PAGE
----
Something ahead of them on the trail screamed, a prolonged, blood-curdling scream. Before the trio could react, another scream followed, louder, shriller, and more heart-stopping than the first. Then the sound of angry voices ensued.
Dragon and Talia remained frozen for several moments, eyes wide and hearts pounding. Then they leaped into action and began to race toward the ruckus. A dozen strides later, their companion, a giant rabbit, hopped in front of them, forcing them to an abrupt halt.
Hopper chuckled. “No need for alarm. I recognize the voices. This is a common occurrence.”
Still chuckling, Hopper led Dragon and Talia toward the source of the sound that had continued and intensified. Seconds later, they rounded a bend in the path and stopped, watching the scene unfold. Talia’s jaw dropped and she turned deathly pale as she saw the field full of giant animals.
“Ooooooooooooooooooooo! Ooooooooooooooooooooo!” A large badger was screaming at the top of its lungs.
“Ooooooooooooooooooooo! Ooooooooooooooooooooo!” A young coyote joined in the cacophony.
“Stop it, Junior! You’re giving me a headache!” The larger coyote next to the howling youngster snapped at him, then glared at the badger. “And you stop it, too, Benny. You’re such a diva.”
“Yeah, Benny!” A spotted fawn lifted her head from the basket of carrots and spoke around a mouthful of food. “Don’t be such a diva! Just stop already!”
Benny didn’t stop. “Ooooooooooooooooooooo! Ooooooooooooooooooooo! Get him off my tail. Get him off my tail!”
The family of foxes started yipping along with Benny’s howling until the coyote silenced them with a hard stare.
The fawn looked over at the large deer. “Dad, get off Benny’s tail, will ya?”
The deer looked down, a confused expression on his face, but he did not move.
A small, two-toned rabbit sighed, looked up at the deer and shook his head, a look of disgust on his furry little face. “Derrick, would you please get off Benny’s tail before he damages our hearing with his infernal caterwauling? You’re always dashing around and never watching where you’re going. You’ve stomped on my paws more times than I can count, so I know it hurts like the dickens. Benny isn’t being histrionic.”
“I’m sorry, Benny. I’m sorry, Twitchy. I’m sorry, everyone.” Derrick the deer finally seemed to understand. He carefully moved his hoof off Benny’s tail, only to place it dangerously close to a large rabbit’s front paw, a rabbit Dragon recognized as Hab’itt. The rabbit jumped back, narrowly avoiding knocking over another rabbit who had been sitting next to him, munching on some carrot greens. “Sorry, Hab’itt.” Derrick hung his head.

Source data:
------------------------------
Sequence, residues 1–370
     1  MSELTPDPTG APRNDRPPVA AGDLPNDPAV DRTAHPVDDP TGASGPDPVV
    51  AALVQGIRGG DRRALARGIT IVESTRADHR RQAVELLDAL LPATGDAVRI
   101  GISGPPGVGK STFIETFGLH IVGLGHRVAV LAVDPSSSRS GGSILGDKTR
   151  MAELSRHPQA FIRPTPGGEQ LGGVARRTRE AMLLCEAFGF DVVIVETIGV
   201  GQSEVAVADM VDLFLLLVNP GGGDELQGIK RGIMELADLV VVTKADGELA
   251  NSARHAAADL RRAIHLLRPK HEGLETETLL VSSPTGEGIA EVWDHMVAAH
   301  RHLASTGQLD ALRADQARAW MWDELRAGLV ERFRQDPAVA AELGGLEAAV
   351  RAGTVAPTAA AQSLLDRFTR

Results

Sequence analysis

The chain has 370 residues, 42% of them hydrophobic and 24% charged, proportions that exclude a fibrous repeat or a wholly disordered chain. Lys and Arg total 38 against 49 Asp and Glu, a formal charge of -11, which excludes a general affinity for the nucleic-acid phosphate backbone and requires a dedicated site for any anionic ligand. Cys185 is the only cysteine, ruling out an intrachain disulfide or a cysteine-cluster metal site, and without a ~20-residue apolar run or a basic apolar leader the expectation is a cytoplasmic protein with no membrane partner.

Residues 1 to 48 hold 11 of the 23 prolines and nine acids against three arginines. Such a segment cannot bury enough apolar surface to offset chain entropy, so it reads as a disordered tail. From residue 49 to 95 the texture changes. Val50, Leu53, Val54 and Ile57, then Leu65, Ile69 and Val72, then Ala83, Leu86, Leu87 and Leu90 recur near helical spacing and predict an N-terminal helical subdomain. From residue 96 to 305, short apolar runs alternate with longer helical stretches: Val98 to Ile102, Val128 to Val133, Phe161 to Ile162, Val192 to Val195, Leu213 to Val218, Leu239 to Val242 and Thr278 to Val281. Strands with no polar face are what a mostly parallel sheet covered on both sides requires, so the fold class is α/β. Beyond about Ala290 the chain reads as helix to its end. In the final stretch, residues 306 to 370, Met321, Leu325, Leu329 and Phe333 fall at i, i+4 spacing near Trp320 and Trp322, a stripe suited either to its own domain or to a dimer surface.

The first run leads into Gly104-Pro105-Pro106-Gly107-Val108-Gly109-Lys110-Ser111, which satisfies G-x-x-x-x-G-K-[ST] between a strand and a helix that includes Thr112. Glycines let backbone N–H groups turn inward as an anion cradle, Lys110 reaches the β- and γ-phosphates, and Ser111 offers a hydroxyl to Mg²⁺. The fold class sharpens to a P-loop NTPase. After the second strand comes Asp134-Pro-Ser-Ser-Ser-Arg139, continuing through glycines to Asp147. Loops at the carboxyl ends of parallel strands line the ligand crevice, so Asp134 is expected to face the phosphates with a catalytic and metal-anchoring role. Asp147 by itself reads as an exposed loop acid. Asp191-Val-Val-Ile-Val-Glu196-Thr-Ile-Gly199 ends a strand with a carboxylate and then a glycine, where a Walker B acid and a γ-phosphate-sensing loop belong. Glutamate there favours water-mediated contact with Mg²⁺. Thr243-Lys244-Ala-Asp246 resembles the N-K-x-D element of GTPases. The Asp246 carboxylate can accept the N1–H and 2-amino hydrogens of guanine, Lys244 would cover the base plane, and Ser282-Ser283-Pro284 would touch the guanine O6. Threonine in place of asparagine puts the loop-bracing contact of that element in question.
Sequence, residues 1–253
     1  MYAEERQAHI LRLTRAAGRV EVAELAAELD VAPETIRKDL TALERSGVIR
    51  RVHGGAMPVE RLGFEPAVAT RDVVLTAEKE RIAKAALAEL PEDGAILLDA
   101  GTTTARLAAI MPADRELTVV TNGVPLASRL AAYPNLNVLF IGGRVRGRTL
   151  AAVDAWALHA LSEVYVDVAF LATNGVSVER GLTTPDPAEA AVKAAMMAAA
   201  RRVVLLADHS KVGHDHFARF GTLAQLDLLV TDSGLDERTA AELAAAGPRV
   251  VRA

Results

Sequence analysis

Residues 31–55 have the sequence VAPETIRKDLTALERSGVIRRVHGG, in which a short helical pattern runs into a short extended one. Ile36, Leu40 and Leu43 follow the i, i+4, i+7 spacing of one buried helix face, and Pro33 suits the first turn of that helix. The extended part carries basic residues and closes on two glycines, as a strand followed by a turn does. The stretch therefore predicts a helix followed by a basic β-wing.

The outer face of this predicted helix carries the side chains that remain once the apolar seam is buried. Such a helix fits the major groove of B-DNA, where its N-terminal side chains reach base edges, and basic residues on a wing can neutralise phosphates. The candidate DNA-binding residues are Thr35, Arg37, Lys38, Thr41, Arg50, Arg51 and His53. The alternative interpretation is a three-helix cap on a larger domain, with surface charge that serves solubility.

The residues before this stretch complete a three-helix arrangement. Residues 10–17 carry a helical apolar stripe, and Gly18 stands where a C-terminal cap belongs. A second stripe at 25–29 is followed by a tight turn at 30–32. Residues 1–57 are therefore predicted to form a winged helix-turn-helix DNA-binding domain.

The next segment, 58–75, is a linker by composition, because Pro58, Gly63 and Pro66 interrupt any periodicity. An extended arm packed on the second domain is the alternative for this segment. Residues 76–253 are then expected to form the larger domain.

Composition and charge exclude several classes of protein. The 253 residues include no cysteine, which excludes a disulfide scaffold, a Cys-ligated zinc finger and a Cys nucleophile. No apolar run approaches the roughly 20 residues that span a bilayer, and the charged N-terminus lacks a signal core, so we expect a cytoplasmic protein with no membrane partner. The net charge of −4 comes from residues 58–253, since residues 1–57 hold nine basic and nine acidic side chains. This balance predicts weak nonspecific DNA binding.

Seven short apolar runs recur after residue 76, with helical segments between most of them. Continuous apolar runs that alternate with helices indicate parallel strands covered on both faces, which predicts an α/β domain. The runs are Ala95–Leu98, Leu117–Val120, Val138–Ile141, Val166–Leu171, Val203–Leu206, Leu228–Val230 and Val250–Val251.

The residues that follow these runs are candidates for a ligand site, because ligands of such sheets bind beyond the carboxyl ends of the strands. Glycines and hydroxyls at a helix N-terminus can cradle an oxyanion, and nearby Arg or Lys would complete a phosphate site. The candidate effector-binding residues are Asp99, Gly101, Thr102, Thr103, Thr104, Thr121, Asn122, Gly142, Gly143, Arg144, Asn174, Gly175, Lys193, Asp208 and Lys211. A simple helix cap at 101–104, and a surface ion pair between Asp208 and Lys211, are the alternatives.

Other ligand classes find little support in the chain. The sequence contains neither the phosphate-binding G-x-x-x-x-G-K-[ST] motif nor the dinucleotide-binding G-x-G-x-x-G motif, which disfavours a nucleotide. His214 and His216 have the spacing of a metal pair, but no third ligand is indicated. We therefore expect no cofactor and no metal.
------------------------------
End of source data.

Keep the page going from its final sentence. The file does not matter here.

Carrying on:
“Oops. Sorry, Bracken!” Hab’itt steadied the other rabbit he had bumped into, as he glared at the clumsy deer.
Hopper laughed and moved lazily onto the field. “What a sorry bunch we have here today!”
“Hey, Hopper! Where have you been, you big ox? We got tired of waiting, so we started the picnic without you.” Hab’itt hopped over to greet his brother with an affectionate nose-rub.
“Hey, you little runt! I hope you saved some carrots for me!” Hopper returned his brother’s greeting.
Suddenly, Hab’itt noticed his brother’s companions. “Oh, hello!” He cocked his head and sniffed at Dragon. “I met you while I was on my journey, didn’t I?”
“I don’t think I met you, though.” Hab’itt looked closely at Talia and sniffed at her. “I’m Hab’itt. Are you with the dragon?” He held out a paw to Dragon’s companion.
The woman nodded. “Pleased to meet you. I’m Talia.”
Dragon noted that her companion nodded affably as she shook the rabbit’s paw. Talia had evidentially become much more comfortable around large, talking rabbits since their initial encounter with Hopper, but Dragon saw that the woman nonetheless kept a careful eye on the other animals closing in around them.
“What brings the two of you here?” Hab’itt’s ears moved around like two elongated radar dishes as he spoke.
“They’re looking for a human child, a little girl who’s lost. They thought you may have brought her here, or that she followed you here without your knowledge.” Hopper twitched his nose.
Hab’itt thumped one back foot and gave Dragon a questioning look. “Marisol?”
“Well, I didn’t bring her here, and I didn’t notice her following me.” Hab’itt called to the others, “Anyone see a human child around here?”
There was a lot of head shaking, and more than a few nos.
“How long has she been missing?” Hab’itt turned his attention back to Dragon and Talia.
Dragon frowned. “Her mother has not seen her since before the child followed you to our yard. I am not certain how long ago that is in your world. It was after dark of the day we met you when we tracked you and Marisol to the portal, but it was midday here when we emerged in this world a few moments later.”
Hab’itt nodded. “Yes, we have noticed time proceeds at different rates in different parts of the world.”
“Different parts of the world?” Talia furrowed her brow.
“Oh, that’s right. You weren’t there when I explained it to the dragon.” Hab’itt frowned. “You define world differently than we do. To me and my kind, there is only one world. Wherever there is life, it is part of that one world. You believe the portals connect one world with another world. We believe they connect one part of the singular world with another part.”
Talia raised an eyebrow but nodded her understanding.